Over to Germany, Eurex: they have secured a German banking license for their Buy-In agency service STS, which is going to offer an automated and standardized solution to meet the CSDR settlement discipline regime. Still in Frankfurt, approximately 450 million euros from the billions which was stolen as a result of the Cum-Ex trades have been reclaimed by the authorities in Germany’s banking hub and financial center.
Over in crypto land COVID-19 as hacker moon discussed exposed the shortcomings of crypto exchanges, system overloads and DDoS attacks amongst them. While many other people are just fundamentally worried about how actually solvent the system is, BitMax has been bleeding bitcoins apparently since the black Thursday incident of a few weeks ago when markets were really under duress. Overall, the problem remains that Bitcoin simply has not stepped up to the plate as an alternative asset, an alternative, a haven, if you like, in the process of the COVID-19 meltdown. Thus, with the usual swirl of binance stories all around, they’ve rejected charges of embezzlement and shut down the concept that there was a million Dollar theft somewhere around their atmosphere. They’ve also renamed their lending service to Binance savings. And indeed, finally, they also announced their first token sale, their first IEO sale since the COVID-19 crisis exploded.
In Peole News, we begin with some very sad news. I reported the other week that Jaime Ruiz Sacristan, the President of the Board of Mexico’s main Stock Exchange, the BMV had tested positive for Coronavirus. Tragically, we have to report that he died last Sunday. Our condolences to all the staff of BMV and indeed Mr. Sacristan’s family.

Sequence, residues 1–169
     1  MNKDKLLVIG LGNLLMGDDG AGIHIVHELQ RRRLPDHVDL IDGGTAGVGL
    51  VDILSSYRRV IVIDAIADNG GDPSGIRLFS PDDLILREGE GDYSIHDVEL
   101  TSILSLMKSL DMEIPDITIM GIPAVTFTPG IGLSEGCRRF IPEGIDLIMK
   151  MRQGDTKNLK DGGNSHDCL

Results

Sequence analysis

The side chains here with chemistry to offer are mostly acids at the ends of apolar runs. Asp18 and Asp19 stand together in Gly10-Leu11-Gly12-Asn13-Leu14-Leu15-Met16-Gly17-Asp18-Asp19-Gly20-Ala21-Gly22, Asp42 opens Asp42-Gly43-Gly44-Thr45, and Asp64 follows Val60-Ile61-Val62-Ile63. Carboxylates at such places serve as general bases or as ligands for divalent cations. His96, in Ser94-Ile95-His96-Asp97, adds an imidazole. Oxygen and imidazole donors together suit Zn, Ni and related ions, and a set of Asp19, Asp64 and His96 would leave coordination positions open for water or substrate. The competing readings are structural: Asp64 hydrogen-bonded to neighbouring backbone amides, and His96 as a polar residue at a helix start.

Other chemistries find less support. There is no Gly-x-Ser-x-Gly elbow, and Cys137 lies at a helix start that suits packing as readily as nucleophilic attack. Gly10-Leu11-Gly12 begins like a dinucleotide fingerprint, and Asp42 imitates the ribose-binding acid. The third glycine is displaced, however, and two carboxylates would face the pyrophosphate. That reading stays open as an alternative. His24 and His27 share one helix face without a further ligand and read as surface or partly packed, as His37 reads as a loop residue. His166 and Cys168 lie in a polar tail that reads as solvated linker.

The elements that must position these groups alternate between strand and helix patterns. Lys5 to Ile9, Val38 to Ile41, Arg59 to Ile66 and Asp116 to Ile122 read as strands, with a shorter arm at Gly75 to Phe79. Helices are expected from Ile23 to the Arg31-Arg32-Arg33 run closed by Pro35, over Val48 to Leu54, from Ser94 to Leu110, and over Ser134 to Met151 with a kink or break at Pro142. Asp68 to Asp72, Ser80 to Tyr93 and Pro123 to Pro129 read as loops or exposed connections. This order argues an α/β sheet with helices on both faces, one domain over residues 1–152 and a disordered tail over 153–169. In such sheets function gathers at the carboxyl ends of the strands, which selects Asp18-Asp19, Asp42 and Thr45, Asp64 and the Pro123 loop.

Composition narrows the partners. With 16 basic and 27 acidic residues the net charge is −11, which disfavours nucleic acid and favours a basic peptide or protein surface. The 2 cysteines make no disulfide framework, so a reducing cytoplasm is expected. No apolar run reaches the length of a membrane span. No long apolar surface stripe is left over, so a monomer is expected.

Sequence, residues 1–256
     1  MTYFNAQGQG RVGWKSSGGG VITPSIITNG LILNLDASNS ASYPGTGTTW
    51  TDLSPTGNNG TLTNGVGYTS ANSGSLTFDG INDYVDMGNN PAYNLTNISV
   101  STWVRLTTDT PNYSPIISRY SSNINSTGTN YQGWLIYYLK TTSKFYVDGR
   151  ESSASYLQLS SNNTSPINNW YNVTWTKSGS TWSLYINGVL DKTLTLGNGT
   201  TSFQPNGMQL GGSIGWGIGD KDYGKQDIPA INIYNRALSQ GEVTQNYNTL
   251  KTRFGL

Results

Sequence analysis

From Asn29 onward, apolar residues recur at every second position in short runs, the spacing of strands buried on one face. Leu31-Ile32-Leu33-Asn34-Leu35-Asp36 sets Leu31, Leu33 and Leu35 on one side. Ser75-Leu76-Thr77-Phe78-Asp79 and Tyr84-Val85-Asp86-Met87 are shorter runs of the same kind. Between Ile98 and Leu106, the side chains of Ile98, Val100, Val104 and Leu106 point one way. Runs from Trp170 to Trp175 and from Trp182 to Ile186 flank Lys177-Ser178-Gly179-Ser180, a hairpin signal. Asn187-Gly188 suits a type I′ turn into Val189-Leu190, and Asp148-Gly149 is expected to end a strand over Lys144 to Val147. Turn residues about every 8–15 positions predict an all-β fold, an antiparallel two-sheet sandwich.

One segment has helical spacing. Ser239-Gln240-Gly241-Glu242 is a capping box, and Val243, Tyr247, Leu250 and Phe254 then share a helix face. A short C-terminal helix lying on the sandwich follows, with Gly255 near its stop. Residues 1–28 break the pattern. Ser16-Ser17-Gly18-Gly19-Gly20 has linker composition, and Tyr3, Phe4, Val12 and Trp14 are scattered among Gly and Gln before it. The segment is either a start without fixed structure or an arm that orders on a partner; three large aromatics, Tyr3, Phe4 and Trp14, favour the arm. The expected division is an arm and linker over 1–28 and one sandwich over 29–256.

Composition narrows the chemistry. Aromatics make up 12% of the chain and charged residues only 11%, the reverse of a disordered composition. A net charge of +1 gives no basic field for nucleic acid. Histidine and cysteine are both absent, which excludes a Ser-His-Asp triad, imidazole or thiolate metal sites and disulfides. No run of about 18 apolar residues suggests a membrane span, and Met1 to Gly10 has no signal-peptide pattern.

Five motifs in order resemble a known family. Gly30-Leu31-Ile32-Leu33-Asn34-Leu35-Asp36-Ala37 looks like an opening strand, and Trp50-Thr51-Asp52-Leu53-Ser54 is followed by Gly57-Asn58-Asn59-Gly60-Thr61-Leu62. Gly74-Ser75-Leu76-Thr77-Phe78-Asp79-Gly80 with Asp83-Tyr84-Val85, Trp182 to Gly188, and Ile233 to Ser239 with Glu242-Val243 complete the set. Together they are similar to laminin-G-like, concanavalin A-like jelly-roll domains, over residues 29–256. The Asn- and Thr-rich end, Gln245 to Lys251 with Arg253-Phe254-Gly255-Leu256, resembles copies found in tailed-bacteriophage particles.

Similarly, we note the passing of industry leader Dale Horovitz: he was the man who founded the predecessor to the American organization SIFMA. The Public Securities Association in 1967. He had served as chairman of the Municipal Securities Rulemaking Board, and indeed was a longtime member of the Treasury’s Borrowing Advisory Committee. Over in Iran, the Securities and Exchange Organization has appointed a new chief Hassan Qalibaf: all the best to him. He previously headed the Tehran Stock Exchange, EuroPEX the industry body within the EU for power and energy exchanges: They have elected Nord pool’s CEO Carl Ekelund Thorud as a new board member. Well finally this week in appointments IPSX the international property Stock Exchange which is heading towards launch have made two senior appointments to their team: Dan Phillips ex of LDX and Chi-X Europe has been appointed to head market regulation while Mike Coker will become the chief financial officer.